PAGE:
20:50:35 <nvd> oren, I'm actually three thousand two hundred and nineteen people
20:51:48 <FireFly> oh wow, that sounds like a severe split personality disorder case
20:51:51 <oren> Oh, well in that case...
20:52:06 <coppro> nvd: http://www.threehundredeight.com/p/alberta.html
20:52:39 <nvd> coppro, I am not sure how that is relevant, I am in York
20:52:55 <coppro> nvd: you can watch this trainwreck election and forget about yours for a while!
20:53:24 <nvd> Well, I found out this evening that I'm actually in a different constituency to the one I thought I was in
20:54:14 <FireFly> They should rename York to Old York
20:55:20 <oren> Yeah. Especially what with North York and Yorkdale confusing matters
20:55:34 <nvd> FireFly, we're making a new Haskell compiler because YHC sort of stopped
20:55:43 <nvd> We're calling it the New York Haskell Compiler
20:55:56 <FireFly> Excellent
20:56:00 <oren> (both are in toronto, previously known as York)
20:57:10 <oren> My vote in particular is worthless because they put me in a gigantic riding
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21:53:18 <oren> pkill -9 firefox
21:53:22 <oren> SH*IT
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22:00:24 <ornn> would nicing firefox make it so that other programs (like my window manager) get higher access to memory as well as cpu?
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22:02:43 <ornn> Hmmm. I guess whichever process has more time on cpu can put out more page faults to increase its resident set
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22:56:42 <boily> @metar CYUL
22:56:42 <lambdabot> CYUL 052200Z 25014G23KT 30SM FEW065 BKN210 20/M03 A3018 RMK CU1CI6 CU TR SLP220 DENSITY ALT 400FT
22:56:46 <boily> @metar ENVA
22:56:46 <lambdabot> ENVA 052250Z 06008KT 030V090 9999 -DZ FEW040 BKN090 10/06 Q0997 RMK WIND 670FT 13012G23KT
22:57:00 <boily> darn. the difference is diminishing.
22:58:00 <oerjan> we actually had a heat wave today. don't worry, it's supposed to pass.
22:58:36 <shachaf> what's the best @metar for berkeley, ca twh
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23:01:08 <boily> shachaf: wunderground recommends KOAK.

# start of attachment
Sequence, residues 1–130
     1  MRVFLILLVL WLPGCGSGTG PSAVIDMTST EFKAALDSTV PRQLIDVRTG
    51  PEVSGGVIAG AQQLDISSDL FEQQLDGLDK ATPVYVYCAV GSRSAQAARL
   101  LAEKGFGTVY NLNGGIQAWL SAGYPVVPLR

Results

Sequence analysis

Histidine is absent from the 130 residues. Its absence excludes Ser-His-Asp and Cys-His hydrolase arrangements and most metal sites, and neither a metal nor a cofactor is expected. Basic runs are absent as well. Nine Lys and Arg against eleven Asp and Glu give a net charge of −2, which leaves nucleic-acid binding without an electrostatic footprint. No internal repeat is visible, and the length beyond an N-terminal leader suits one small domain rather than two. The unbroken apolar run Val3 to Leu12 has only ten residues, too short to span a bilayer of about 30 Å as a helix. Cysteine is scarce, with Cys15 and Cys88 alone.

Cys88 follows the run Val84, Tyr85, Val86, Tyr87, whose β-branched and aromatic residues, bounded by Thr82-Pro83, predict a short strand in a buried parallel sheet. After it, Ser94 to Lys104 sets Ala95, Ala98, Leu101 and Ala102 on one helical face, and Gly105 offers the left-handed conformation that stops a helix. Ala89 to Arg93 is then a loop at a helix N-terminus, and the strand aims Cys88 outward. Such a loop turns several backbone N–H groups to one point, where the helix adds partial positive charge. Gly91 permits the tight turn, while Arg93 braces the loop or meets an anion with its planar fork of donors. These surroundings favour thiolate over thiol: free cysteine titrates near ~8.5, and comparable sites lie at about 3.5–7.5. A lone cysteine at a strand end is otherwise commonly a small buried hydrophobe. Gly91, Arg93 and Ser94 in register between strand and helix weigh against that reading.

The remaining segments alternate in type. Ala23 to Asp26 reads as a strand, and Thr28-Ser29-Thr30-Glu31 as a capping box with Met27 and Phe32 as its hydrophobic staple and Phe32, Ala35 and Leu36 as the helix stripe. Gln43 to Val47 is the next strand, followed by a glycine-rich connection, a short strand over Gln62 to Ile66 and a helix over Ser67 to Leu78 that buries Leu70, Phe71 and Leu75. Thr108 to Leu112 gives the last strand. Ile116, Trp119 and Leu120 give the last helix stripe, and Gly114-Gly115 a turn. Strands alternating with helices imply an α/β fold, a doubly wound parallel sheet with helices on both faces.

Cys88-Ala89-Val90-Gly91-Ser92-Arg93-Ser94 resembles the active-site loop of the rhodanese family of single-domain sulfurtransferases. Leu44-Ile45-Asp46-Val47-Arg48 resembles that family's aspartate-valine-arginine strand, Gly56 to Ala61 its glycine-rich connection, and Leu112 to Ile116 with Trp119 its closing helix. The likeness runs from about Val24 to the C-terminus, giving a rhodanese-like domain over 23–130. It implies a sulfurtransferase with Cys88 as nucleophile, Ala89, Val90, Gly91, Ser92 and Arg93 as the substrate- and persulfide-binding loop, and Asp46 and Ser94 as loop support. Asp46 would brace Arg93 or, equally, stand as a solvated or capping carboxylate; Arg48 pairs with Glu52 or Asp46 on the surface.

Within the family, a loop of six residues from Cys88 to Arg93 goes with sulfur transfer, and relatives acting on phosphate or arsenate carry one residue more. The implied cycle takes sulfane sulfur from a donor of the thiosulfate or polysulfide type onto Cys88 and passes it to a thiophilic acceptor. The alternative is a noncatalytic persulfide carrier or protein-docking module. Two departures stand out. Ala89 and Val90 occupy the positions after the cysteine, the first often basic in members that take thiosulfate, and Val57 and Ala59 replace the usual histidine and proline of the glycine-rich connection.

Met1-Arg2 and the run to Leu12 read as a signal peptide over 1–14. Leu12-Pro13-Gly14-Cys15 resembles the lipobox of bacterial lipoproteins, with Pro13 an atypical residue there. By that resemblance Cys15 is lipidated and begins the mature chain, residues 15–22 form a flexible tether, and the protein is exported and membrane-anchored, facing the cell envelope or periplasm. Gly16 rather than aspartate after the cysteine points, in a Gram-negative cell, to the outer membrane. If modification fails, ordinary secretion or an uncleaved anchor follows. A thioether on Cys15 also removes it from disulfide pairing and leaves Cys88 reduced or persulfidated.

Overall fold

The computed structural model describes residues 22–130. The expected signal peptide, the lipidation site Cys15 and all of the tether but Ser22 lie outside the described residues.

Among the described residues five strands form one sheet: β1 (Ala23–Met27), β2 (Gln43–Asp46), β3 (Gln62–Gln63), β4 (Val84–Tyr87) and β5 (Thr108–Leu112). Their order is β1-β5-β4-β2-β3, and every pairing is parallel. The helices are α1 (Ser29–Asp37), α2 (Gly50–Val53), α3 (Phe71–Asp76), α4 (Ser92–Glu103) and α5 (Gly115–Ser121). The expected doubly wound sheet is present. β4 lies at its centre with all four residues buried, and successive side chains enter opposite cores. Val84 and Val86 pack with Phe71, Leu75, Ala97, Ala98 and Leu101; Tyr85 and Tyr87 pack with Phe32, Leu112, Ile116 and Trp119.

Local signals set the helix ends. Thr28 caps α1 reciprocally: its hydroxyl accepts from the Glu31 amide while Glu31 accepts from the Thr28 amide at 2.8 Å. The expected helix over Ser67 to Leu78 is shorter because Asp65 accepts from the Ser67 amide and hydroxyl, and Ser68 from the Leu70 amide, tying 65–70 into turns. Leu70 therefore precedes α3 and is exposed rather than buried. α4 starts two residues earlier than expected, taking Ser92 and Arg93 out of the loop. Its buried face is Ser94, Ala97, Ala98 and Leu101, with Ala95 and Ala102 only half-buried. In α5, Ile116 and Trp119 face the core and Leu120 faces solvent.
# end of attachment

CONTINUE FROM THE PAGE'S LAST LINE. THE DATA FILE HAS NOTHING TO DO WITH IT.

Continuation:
23:01:11 <boily> @metar KOAK
23:01:11 <lambdabot> KOAK 052253Z 26012KT 10SM FEW017 SCT200 16/08 A2993 RMK AO2 SLP136 T01610078
23:01:34 <shachaf> @metar KSJC
23:01:34 <lambdabot> KSJC 052253Z 32014KT 10SM FEW018 SCT200 19/08 A2991 RMK AO2 SLP128 T01890078
23:01:44 <shachaf> i've moved to the cold climates of the north
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23:02:14 <shachaf> oerjan: everyone knows writing software is the path to maximal fame hth
23:02:51 <oerjan> i may not be maximizing that function hth
23:03:21 <oerjan> berkeley berkeley KOAK KOAK
23:03:56 <FireFly> oerjan: over here it was all foggy during the day
23:03:58 * boily is tempted to mapole some sanity into oerjan, but rescinds
23:04:10 <FireFly> and not particularily warm, I think
23:08:30 <oerjan> boily: do you have a scientific study to prove mapoling adjusts sanity in the correct direction twh
23:09:33 <shachaf> perhaps oerjan will require a hungusprod hth
23:09:44 <oerjan> wat
23:10:01 <shachaf> http://lparchive.org/Zork-Grand-Inquisitor/Update%2017/
23:10:09 <shachaf> sigh, it's not the same
23:10:37 <shachaf> http://www.youtube.com/watch?v=2FiRhbWP7To#t=6m57s
23:10:39 <shachaf> hth
23:12:00 <boily> oerjan: empirical evidence supports mapoling hth
23:13:57 <FireFly> oerjan: do /you/ have any evidence supporting swatting?
23:15:16 <oerjan> i am not making claims of health benefits from swatting
23:15:34 <FireFly> Fair point
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23:57:05 <olsner> doesn't all evidence (or lack thereof) always support swatting?
23:57:51 <olsner> I also think mapoling is isomorphic to swatting